5 Questions with a Zero Trust Expert
Organizations are dragging their feet on zero trust, despite its benefits in today's cybersecurity landscape.
Zero trust may be the flossing of the cybersecurity world; everyone agrees that it's healthy, but not nearly enough people are actually doing it.
A recent Cisco report bears this out. In a survey, the firm found that nearly 90 percent of organizations have started implementing some of the principles of zero trust, but just a woefully small number of them -- 2 percent -- have reached zero trust "maturity."
As cybersecurity expert Sami Laiho acknowledges, the obstacles that are keeping companies from fully embracing zero trust are a mixture of perception and practicality. For IT teams needing guidance in overcoming those hurdles, Laiho is hosting a two-day virtual seminar next month titled "Deploying Zero Trust in the Real World." We caught up with him ahead of his seminar to get his thoughts on just how important zero trust is today, and what's stopping organizations from going all-in.
1. What's new or different about today's threat landscape that makes zero trust more of a necessity than a nice-to-have?
Nowadays, malicious code mostly gets into company networks through unpatched border devices. Patching everything is a difficult job as bigger companies have around 20,000 patches a year to install. We can't rely on border controls, so we need to start treating our internal networks as if they are just as friendly/hostile as the public Internet.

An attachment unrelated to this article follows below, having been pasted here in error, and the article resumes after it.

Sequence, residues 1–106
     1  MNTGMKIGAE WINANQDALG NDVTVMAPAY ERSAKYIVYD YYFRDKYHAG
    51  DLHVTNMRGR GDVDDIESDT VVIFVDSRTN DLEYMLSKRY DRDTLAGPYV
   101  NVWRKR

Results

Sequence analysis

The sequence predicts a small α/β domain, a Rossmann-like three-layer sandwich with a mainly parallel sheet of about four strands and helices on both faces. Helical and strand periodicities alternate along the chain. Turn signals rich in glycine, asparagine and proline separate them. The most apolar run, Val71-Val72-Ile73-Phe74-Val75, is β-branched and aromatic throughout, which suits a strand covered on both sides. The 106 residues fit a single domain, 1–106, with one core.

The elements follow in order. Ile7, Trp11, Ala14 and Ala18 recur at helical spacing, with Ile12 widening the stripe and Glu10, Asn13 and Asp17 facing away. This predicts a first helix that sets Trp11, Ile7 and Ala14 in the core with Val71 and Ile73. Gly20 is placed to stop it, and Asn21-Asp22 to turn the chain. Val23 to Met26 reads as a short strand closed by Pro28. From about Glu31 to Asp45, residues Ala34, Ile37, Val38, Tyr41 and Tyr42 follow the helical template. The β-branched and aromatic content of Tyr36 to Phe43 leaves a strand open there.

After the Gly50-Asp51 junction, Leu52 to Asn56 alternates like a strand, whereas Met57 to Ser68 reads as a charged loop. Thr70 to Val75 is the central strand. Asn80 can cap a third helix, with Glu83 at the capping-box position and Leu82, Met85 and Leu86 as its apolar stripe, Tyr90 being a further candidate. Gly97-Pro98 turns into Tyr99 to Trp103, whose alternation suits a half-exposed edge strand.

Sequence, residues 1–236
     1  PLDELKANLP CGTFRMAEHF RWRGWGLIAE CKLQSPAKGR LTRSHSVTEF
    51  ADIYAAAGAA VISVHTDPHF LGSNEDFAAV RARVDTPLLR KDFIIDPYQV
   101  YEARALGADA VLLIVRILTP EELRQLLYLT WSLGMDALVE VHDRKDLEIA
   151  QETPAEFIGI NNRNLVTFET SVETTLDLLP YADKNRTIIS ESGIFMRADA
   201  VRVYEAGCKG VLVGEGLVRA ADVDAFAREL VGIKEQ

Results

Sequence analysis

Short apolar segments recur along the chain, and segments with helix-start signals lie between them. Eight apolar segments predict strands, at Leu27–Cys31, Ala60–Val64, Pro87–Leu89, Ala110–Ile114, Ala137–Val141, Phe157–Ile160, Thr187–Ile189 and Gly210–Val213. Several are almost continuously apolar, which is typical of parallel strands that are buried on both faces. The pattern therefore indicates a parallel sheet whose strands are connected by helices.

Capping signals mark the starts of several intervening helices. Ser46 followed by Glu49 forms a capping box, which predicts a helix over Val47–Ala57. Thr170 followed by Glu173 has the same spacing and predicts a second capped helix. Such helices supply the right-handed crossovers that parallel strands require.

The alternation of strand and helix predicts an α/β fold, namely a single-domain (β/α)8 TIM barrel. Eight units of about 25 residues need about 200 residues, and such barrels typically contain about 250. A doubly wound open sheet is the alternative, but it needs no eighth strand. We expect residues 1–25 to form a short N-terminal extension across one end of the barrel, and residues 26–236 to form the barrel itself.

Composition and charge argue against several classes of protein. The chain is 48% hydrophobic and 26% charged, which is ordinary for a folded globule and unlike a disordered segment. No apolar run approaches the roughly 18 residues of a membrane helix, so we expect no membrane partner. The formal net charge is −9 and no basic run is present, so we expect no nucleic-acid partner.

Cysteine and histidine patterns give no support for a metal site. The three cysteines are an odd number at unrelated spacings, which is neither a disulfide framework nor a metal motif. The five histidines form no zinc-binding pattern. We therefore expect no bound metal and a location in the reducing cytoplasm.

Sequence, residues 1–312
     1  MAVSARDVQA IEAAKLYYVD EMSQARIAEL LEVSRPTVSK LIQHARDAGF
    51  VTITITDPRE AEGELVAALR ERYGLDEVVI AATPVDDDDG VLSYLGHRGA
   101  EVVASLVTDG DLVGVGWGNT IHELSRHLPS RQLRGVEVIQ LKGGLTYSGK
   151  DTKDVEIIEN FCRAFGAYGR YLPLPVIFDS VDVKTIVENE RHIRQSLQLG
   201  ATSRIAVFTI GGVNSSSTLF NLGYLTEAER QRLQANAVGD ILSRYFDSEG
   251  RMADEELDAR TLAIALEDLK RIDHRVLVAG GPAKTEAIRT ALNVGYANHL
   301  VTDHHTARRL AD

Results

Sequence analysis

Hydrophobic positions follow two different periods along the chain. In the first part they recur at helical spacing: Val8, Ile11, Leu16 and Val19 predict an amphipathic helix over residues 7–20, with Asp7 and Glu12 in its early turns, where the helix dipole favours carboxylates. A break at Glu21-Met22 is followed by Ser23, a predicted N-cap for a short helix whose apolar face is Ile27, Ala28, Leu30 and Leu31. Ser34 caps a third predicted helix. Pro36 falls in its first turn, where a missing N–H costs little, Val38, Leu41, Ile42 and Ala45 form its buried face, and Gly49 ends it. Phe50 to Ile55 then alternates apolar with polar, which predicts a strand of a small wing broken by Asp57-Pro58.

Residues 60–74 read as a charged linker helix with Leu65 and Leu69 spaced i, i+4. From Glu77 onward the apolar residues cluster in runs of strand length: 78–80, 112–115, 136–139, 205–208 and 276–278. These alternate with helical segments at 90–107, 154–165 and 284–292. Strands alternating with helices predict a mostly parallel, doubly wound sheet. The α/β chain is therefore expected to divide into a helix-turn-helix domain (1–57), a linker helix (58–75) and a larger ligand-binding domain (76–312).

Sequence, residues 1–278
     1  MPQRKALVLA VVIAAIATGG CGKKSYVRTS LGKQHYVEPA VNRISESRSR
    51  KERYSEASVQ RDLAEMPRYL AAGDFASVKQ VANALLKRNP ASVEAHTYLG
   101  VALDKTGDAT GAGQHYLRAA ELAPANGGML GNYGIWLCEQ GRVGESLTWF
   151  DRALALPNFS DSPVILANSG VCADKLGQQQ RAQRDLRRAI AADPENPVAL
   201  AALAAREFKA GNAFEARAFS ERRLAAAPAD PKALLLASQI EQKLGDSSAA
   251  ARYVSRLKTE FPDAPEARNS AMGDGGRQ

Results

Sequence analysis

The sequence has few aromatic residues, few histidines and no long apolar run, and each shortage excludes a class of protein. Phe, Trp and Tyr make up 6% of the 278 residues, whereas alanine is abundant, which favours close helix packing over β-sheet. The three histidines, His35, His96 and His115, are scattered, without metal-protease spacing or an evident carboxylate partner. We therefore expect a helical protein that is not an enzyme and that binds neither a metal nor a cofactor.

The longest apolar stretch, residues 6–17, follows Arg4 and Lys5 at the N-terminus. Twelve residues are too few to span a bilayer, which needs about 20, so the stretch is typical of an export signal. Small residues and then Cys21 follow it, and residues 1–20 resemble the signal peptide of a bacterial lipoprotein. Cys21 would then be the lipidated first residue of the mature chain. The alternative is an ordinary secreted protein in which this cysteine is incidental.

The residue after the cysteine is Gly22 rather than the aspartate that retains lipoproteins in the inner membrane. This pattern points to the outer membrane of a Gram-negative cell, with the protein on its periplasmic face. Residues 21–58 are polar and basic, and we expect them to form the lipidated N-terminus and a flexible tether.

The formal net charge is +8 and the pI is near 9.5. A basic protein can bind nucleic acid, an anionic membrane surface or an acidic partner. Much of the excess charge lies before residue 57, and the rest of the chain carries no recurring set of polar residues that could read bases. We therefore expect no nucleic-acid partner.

2. Why do you think more organizations haven't implemented MFA (multifactor authentication) wherever they can? It should be a no-brainer, right?
It's just about reluctance to change. Doing things differently or making them more "difficult" is always challenging. But, yes, it is a requirement for every environment.
3. In your seminar abstract, you say "zero trust" is the "worst name in the history of IT." Can you explain what's inaccurate or not ideal about it -- and what should it be really called, in your opinion?
"Zero trust" sounds like we are implementing these controls because we don't trust the user. These controls, when correctly implemented, allow users to work as securely and efficiently whether they are at Starbucks or the company office. I would rather call it "Secure Access," "Full Usability" or "Access Anywhere."
4. It seems like more businesses are entertaining the use of generative AI in their daily operations, if they're not already using it. Do you think this helps or hinders IT security pros?
It helps in automating the detection of malicious access and false positives, but at the same time it allows the attacker to achieve more scale and more targeted attacks.
5. For IT pros who want to go zero trust but are getting pushback from their C-suite for whatever reason, how would you recommend they approach the conversation?
Talk about changing the environment to allow access from anywhere, rather than talking about making access harder. Security is only 25 percent technology and 75 percent psychology.